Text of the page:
The purpose of this research is to further
investigate whether the WPT has the ability to predict NFL performance.
Specifically we examine the relationship between the WPT and multiple
measures of success at three NFL offensive positions (quarterback,
running back, and wide receiver) over a multi-year period, 1999 through
2004. Results of this research should be of interest to NFL and team
personnel in determining whether there is statistical justification for
requiring combine participants to complete the WPT. In a broader sense
this research may also encourage greater interest in the use of
psychological construct testing, whether it be the WPT or other types of
cognitive ability tests, in not only professional football but also
other athletic endeavors (e.g.; baseball, basketball) and at other
levels (e.g.; Division I and II college and university athletics).
Selecting the quarterback (QB) position for inclusion
in this research was based upon three factors. First, performance
data for the QB position were believed to be more objective and readily
obtainable as compared to other positions such as guards, tackles, and
centers. Second, one may surmise that the QB position requires greater
cognitive ability than other positions, as the quarterback must handle
the ball on the vast majority of offensive plays and must make
play-calling strategic decisions within seconds; for example, by reading
the defense and changing plays at the line of scrimmage. Third, the
relationship between the WPT and quarterback performance had previously
been investigated; however this research will define success in broader
terms. We also examined running backs (RB) and wide receivers (WR) – the
other primary so-called “skill” positions that involve handling the
ball on offense. Further, RBs and WRs met the Wonderlic criterion that
“…the closer they are to the ball the smarter they need to be
(Wonderlic, Inc., 2005).”
A total of 68 NFL QBs were included in the study.
This number represented all combine invitees who were drafted by the NFL
from 1999 through 2004. The study also included data for 86 drafted
RBs and 152 drafted WRs for the same 6-year period. (Typically the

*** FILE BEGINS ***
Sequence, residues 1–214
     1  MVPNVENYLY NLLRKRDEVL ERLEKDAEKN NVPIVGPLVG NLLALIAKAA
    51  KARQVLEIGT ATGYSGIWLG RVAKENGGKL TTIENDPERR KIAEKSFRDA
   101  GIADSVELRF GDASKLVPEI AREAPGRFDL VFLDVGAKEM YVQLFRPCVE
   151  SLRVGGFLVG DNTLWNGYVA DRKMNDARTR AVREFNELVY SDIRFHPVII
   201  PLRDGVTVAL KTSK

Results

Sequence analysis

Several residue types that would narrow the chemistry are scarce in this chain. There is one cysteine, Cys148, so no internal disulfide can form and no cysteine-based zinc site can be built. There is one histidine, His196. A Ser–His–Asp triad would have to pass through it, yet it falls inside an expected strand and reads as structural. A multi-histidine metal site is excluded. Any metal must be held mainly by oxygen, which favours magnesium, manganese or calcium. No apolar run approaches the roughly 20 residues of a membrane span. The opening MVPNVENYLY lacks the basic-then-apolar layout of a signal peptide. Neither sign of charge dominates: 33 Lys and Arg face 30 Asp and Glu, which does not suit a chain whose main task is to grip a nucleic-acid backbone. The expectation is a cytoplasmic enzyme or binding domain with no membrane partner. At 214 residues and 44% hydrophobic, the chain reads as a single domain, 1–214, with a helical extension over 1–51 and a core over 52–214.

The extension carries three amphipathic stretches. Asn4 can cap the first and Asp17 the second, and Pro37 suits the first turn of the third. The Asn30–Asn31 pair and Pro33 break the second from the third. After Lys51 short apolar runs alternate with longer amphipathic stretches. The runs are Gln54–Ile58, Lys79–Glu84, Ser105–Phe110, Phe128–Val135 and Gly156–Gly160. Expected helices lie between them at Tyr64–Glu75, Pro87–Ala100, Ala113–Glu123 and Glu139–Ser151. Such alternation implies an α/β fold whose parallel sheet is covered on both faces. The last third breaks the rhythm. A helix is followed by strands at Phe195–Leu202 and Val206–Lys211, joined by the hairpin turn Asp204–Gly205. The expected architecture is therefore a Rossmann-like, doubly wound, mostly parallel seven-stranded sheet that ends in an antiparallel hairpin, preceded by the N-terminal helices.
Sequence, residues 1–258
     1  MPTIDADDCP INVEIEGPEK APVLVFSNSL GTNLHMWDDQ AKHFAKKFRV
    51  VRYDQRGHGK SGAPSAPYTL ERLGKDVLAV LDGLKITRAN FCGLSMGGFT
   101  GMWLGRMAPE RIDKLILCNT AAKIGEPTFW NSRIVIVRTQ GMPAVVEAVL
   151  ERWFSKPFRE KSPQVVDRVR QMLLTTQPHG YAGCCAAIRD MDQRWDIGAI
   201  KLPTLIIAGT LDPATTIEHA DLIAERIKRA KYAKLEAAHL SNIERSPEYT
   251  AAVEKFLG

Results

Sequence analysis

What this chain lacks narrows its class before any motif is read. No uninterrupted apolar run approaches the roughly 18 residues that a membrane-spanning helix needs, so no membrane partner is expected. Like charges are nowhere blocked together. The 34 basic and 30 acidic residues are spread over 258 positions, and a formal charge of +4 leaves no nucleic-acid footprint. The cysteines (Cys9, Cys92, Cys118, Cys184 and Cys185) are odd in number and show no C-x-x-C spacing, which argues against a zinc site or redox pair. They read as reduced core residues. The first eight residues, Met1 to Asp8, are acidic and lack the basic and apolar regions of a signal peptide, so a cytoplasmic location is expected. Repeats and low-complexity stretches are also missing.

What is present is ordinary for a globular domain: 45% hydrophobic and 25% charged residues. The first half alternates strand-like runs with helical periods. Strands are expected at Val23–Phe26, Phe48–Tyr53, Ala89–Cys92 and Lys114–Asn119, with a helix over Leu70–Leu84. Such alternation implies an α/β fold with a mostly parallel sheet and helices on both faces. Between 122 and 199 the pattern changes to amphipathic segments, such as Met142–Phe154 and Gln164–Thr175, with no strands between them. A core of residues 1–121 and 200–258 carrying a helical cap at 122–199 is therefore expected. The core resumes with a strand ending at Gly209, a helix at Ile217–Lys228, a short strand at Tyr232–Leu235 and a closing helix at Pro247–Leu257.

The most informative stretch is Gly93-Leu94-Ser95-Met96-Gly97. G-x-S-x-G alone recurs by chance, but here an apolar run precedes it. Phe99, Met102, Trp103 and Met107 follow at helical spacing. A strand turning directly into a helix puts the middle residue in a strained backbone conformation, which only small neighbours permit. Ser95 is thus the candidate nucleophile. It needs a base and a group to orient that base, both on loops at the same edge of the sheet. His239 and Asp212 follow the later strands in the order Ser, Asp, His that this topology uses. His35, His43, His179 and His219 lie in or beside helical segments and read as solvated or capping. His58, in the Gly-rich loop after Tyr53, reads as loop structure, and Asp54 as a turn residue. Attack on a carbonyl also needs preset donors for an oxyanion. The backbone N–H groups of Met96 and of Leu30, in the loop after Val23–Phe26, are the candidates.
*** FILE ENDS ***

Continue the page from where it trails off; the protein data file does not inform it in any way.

number of players drafted per year was slightly more than half of those
participating in the combine). Table 1 shows the number of draftees by
position for the years under study.
First published in 1937, the WPT is a 50-item, timed
12-minute test. The test yields a single score that reflects the total
number of questions answered correctly. Originally adopted from the
Otis Self-Administering Test of Mental Ability (Beck, 1986), the test
includes multiple choice and short answer questions designed to measure
verbal, numerical, general knowledge, and spatial relationship
abilities. Few people complete the test because of time constraints.
The great majority of research concerning the
validity and reliability of the WPT has been performed in traditional
employment settings. In six employment categories (supervision, blue
collar, general office, data processing, engineering, and professionals)
the Wonderlic organization reports validities ranging from .22 to .67.
Validity studies criteria included a variety of measures, primarily job
performance rankings, productivity and production records, and
supervisory ratings. The highest validities were in the professional
group (e.g.; insurance agents, medical personnel, police officers), with
validities ranging from .39 to .67. The lowest validities were in the
general office group (e.g.; bank tellers and typists) with validities
ranging from .27 to .35. The WPT also correlates highly with the other
tests of cognitive ability widely used in employment settings, including
the Weschler Adult Intelligence Test (WAIS) (Weschler, 1955), the
WAIS-Revised (WAIS-R) (Bell, Matthews, Lassiter, & Leverett, 2002;
Dodrill, 1981; Dodrill & Warner, 1988; Edinger, Shipley, Watkins,
& Hammett, 1985; Hawkins, Faraone, Seidman, & Tsaung, 1990;
Weschler, 1981), and the General Aptitude Test Battery (GATB)
(Wonderlic, Inc., 2002). Various forms of reliability estimates for the
WPT (test-retest, longitudinal, alternate form, and internal
consistency) range from .82 to .95 (Dodrill & Warner, 1988; Furnham
& Petrides, 2003; McKelvie, 1989; Wonderlic Inc., 2002).
WPT data for individual combine participants are not
made public by either the NFL or Wonderlic, Inc. Wonderlic, Inc. does
make available a single mean WPT score for all combine prospects and
also mean scores for each position. Nonetheless WPT scores achieved by
combine participants are widely available on the Internet. WPT scores
for each combine participant included in this study were retrieved from
nfldraftscout.com (“Rankings,” n.d.), a website devoted to current and
historical information on the NFL, NFL teams, and NFL players. Author
discussions with nfldraftscout.com representatives indicated that
Wonderlic scores were obtained from NFL team personnel, player scouts,
and agents. For each position included in this study, a random sample of
players’ reported Wonderlic scores were checked and verified against at
least two Internet sources; no disparities were found.
Player performance information was obtained from
nfl.com (“Players,” n.d.), and includes regular season games only
(post-season play is excluded). This website contains career statistics
for all players included in this sample. NFL salary data were collected
from usatoday.com. According to the usatoday.com website (“Sports,”